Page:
2. All sentences are on the same topic of satanic worship and fit within the character of Satan himself desiring worship for himself and eventually controlling a one world leader
  3. The sentences are not just random words as you might expect when listening to the usual gibberish of reverse lyrics
  4. The sentences flow rhythmically and are not a bunch of disjointed words put together by taking out the gaps in between.
The method of backmasking in the Bicentennial Song was much different to the deliberate methods of backmasking used by some music groups.  In the old 8 track recording days, it was possible to lay (record) 7 tracks of music and vocals forward and underlay an 8th track of vocals or speaking in reverse. Some fans of these music groups reported to have found the secret messages by playing the recording backwards. However, in the Bicentennial song, there wasn't an apparent attempt to record a secret track because the backmasking lyrics come from the forward lyrics — so the words spoken forwards appear to have a different message when played backwards. At the time, this form of backmasking was unheard of in the public arena.

To this day the reason for the existence and purpose for the reverse lyrics has never been answered. I am of the opinion that the method of producing the reverse lyrics in this song is just too complex and too clever to be of a human origin — posing the question whether there was some sort of intervention from the spirit world to make these lyrics sound the way they do in reverse. What confuses this supposition is the fact that I found several reversed commercial messages in TV advertising using this same technique. Words such as:
Yeah, purchase this item
It’s beautiful
fast food is it
make you want this food, gentleman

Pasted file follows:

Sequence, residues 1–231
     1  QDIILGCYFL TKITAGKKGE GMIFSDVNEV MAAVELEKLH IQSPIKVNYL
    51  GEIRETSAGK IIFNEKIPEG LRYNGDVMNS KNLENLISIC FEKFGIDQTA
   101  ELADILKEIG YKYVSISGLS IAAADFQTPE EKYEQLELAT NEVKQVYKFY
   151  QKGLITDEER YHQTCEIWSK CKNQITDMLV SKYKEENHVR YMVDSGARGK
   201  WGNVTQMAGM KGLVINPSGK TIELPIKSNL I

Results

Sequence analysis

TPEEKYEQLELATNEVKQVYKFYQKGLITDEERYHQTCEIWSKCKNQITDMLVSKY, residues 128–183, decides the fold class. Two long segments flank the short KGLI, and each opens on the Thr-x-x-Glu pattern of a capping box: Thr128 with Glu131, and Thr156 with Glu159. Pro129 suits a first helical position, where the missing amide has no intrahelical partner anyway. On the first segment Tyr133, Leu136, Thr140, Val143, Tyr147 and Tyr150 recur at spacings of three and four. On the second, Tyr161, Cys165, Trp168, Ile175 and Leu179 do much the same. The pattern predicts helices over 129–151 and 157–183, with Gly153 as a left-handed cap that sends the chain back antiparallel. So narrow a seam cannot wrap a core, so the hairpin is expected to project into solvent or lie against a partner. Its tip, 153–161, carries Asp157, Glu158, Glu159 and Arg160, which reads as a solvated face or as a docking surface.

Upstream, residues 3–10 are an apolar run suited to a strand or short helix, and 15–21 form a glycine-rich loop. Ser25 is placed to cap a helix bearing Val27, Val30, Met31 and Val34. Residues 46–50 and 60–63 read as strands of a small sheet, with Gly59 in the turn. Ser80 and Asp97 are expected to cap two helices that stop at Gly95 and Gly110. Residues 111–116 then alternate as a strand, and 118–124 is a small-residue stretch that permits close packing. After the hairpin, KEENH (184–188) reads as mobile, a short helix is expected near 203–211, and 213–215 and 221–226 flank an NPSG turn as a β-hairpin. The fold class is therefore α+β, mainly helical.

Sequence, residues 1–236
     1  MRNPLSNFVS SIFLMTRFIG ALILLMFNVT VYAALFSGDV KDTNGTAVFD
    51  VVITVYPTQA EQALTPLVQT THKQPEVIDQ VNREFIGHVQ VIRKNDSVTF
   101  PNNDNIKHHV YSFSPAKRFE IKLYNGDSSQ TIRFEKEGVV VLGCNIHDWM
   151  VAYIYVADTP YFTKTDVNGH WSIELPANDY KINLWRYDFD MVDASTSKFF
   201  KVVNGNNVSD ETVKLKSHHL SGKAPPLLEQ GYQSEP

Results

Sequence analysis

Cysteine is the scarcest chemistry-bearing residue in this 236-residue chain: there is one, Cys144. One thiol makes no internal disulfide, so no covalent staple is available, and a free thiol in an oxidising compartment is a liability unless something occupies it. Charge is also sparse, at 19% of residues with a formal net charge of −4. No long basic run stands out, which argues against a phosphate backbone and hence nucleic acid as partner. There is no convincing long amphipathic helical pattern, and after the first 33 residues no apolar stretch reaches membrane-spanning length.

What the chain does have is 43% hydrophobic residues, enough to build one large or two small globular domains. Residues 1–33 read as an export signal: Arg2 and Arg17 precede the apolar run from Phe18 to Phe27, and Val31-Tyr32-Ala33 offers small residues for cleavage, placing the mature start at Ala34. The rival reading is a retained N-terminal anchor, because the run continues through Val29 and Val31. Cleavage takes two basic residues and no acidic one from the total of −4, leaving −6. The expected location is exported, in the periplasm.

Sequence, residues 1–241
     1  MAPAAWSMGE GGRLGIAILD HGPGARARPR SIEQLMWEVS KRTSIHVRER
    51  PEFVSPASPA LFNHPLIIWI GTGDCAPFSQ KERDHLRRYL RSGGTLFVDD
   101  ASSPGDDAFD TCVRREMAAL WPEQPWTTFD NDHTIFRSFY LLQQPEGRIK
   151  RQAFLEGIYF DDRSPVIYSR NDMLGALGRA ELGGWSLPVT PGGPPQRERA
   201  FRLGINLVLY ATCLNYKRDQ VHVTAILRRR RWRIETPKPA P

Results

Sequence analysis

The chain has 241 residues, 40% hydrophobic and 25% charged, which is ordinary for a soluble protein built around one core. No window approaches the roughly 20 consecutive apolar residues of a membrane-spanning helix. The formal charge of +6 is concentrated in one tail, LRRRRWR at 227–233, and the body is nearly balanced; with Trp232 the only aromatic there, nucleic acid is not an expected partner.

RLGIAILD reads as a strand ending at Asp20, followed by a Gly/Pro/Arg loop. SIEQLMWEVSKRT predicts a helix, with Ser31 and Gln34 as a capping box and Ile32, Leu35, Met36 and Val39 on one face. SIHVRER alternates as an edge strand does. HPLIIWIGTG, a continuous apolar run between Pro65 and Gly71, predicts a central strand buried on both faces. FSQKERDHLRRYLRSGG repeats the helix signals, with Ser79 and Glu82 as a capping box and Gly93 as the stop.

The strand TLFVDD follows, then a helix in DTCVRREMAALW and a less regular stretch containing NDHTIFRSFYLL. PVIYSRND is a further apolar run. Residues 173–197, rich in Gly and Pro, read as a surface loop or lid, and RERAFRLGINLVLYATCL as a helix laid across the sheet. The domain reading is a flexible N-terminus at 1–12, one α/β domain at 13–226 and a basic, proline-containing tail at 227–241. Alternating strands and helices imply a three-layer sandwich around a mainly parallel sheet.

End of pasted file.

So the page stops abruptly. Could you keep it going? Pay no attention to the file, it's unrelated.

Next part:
I like the fast food
It won't make you wheazy in the stomach.
Or an ad with a man standing in a phone box wishing his wife "Happy anniversary darling". When played in reverse, he is actually saying "you don't deserve any".  Again, not just random words but grammatically correct sentences.  

Another confusing fact to add to this issue is that well over 200 ads recorded at the time did not have any detectable backmasking — as one would expect. However, there was multiple occurrences of different ads for the same company having consistent inclusion of backmasked messages. The fast food company with the message included above, had 3 different ads — all of which had some sort of commercial message in reverse.

So hopefully now you can understand, my intention of the day was not to promote "right to life" or "fundamental Christianity"  or any of the other media labels I received — but to ask the question "why is this stuff in existence and what effect is it having on listeners.

BACKMASKING – A figment of imagination?

Harry Edwards

(Investigator 144, 2012 May)

I'm having a problem reconciling Ray Keuning's article on backmasking with rational thinking. Here are a few points.

1)    What prompted Ray to play the song backwards in the first place?

2)    Ray claims that all the sentences are grammatically correct. How can you tell that a verbal sentence is so when the spelling is not available?